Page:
firearm, a firearm accessory or ammunition when such activities are contained exclusively within the borders of Utah.
D. Any federal law, order, rule or regulation created or effective on or after January 1, 2013 shall be unenforceable within the borders of Utah if the law, order, rule or regulation attempts to:
1) ban or restrict the manufacture, ownership, possession, sale, or transfer of any specific type of firearm, firearm magazine, firearm accessory, or ammunition;
2) require enhanced criminal background checks or waiting periods in connection with the purchase or transfer of any firearm, firearm magazine, firearm accessory, or ammunition;
3) require the ownership, possession, sale or transfer of any firearm, firearm magazine, firearm accessory, or ammunition to be registered in any manner; or
4) require the disclosure or sharing of personal information connected with the ownership, possession, sale or transfer of any firearm, firearm magazine, firearm accessory, or ammunition with the Federal Government or other states without the written consent of the individual to who such personal information pertains.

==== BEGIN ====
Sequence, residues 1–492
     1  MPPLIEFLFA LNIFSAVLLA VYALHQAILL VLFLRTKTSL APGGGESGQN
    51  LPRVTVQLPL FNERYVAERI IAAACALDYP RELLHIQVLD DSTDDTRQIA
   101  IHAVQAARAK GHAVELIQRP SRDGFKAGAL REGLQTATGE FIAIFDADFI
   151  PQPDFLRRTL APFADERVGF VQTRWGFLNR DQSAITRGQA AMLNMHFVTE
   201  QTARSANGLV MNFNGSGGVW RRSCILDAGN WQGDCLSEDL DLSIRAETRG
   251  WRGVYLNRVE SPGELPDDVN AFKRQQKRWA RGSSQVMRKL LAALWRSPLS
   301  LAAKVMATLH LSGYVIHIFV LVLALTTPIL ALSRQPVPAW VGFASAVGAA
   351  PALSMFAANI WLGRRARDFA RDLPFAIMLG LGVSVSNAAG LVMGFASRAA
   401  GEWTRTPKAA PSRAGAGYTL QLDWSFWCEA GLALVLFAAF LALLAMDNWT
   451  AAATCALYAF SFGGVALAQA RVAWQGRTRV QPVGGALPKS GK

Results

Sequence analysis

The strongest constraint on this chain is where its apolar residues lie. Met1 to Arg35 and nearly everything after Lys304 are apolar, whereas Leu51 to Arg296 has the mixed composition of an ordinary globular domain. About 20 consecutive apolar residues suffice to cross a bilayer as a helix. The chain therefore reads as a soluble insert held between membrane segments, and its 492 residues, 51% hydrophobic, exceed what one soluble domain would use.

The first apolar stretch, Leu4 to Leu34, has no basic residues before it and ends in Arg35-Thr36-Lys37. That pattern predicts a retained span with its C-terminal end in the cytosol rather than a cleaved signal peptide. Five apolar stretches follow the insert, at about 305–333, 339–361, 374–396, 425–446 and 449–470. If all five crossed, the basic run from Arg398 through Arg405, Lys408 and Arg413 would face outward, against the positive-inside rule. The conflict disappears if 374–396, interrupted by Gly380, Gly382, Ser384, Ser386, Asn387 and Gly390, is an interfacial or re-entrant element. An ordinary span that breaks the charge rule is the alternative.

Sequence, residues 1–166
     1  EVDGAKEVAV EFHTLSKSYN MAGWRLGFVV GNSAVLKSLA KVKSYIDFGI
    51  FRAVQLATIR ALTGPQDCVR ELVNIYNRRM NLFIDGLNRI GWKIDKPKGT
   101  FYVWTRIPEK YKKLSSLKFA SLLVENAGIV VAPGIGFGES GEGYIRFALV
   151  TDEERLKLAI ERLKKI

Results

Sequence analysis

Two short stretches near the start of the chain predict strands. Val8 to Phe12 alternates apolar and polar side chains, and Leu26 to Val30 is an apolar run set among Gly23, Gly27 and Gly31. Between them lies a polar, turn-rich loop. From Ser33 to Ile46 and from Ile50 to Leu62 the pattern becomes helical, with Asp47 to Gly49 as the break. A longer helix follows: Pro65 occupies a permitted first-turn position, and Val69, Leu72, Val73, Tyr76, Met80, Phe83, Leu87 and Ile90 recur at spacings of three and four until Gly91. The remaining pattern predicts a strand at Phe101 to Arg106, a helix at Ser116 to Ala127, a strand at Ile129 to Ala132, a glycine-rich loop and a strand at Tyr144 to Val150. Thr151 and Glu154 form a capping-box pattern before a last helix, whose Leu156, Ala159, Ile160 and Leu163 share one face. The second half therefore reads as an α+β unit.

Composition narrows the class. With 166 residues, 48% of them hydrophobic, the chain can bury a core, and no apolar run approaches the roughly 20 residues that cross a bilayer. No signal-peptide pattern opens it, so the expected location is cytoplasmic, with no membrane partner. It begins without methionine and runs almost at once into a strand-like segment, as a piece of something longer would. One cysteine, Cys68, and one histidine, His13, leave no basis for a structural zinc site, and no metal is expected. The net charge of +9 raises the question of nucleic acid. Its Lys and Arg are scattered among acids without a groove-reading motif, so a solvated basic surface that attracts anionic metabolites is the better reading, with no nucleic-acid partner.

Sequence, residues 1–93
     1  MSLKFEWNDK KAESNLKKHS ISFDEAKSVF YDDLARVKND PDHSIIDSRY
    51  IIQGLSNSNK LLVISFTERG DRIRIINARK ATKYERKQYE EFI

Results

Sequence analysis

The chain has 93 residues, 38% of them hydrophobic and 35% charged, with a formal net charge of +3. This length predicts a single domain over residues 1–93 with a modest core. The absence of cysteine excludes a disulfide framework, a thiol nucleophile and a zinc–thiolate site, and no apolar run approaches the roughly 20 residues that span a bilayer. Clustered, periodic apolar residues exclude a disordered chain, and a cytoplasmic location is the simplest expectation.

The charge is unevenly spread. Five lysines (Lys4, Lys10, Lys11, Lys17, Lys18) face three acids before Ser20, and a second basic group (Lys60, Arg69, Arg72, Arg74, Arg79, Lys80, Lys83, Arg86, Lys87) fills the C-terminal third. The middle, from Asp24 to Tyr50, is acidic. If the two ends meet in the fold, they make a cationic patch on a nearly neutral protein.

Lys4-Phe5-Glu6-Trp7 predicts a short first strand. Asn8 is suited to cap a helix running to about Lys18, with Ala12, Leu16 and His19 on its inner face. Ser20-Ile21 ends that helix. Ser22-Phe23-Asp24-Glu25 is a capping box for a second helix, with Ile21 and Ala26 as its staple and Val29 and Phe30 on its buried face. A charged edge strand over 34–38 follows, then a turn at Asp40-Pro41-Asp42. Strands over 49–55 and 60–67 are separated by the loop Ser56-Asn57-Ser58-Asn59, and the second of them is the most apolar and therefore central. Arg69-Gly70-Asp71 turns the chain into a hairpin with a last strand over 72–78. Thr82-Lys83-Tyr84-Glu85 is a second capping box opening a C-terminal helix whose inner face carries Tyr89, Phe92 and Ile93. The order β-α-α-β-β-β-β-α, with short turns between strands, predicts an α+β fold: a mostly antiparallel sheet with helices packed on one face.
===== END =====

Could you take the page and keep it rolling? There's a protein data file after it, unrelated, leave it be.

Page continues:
Section 3 – Effective Date
This act is effective immediately upon completion of all acts necessary for a bill to become law as provided by the Utah Constitution.

Candace Salima on Gun Appreciation Day, 2013

Saturday, January 19, 2013

Nutnfancy On Gun Appreciation Day, 2013 - Utah

Gun Appreciation Day - Salt Lake City


With current events as they are, gun control is the number one topic on leftist channels, such as CNN, MSNBC, KSL, and the like.  They are attempting to paint a picture of WE THE PEOPLE, also known as gun owners and patriots, as a radical fringe element that needs to be reigned in with draconian gun control laws that will serve no purpose other than to control the citizenry and force them into submission.  If you followed my AR-15 Justification blog entry, you know exactly where I stand on this issue.  Suffice it to say, I'm not going to get into that debate here.  I want to walk you through what it was like to rally around fellow patriots and concerned citizens alike on this chilly day in January.